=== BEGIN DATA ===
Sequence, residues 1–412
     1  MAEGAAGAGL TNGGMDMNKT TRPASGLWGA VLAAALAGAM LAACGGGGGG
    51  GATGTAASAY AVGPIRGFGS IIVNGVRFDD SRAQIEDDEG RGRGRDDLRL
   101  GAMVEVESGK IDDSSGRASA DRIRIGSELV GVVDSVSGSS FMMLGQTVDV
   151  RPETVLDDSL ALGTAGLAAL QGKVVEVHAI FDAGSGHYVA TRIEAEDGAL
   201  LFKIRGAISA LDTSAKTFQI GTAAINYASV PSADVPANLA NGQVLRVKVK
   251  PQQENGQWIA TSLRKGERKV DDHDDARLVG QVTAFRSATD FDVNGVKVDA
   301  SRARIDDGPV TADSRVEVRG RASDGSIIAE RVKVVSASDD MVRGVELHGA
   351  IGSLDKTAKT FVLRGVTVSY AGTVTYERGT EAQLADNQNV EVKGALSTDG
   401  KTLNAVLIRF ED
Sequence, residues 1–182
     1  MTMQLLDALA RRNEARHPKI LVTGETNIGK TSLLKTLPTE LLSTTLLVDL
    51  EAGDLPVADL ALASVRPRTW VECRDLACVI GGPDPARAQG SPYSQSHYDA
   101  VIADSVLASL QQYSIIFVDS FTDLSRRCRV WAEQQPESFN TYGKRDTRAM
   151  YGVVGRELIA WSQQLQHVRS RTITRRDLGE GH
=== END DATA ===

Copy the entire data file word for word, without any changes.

Sequence, residues 1–412
     1  MAEGAAGAGL TNGGMDMNKT TRPASGLWGA VLAAALAGAM LAACGGGGGG
    51  GATGTAASAY AVGPIRGFGS IIVNGVRFDD SRAQIEDDEG RGRGRDDLRL
   101  GAMVEVESGK IDDSSGRASA DRIRIGSELV GVVDSVSGSS FMMLGQTVDV
   151  RPETVLDDSL ALGTAGLAAL QGKVVEVHAI FDAGSGHYVA TRIEAEDGAL
   201  LFKIRGAISA LDTSAKTFQI GTAAINYASV PSADVPANLA NGQVLRVKVK
   251  PQQENGQWIA TSLRKGERKV DDHDDARLVG QVTAFRSATD FDVNGVKVDA
   301  SRARIDDGPV TADSRVEVRG RASDGSIIAE RVKVVSASDD MVRGVELHGA
   351  IGSLDKTAKT FVLRGVTVSY AGTVTYERGT EAQLADNQNV EVKGALSTDG
   401  KTLNAVLIRF ED
Sequence, residues 1–182
     1  MTMQLLDALA RRNEARHPKI LVTGETNIGK TSLLKTLPTE LLSTTLLVDL
    51  EAGDLPVADL ALASVRPRTW VECRDLACVI GGPDPARAQG SPYSQSHYDA
   101  VIADSVLASL QQYSIIFVDS FTDLSRRCRV WAEQQPESFN TYGKRDTRAM
   151  YGVVGRELIA WSQQLQHVRS RTITRRDLGE GH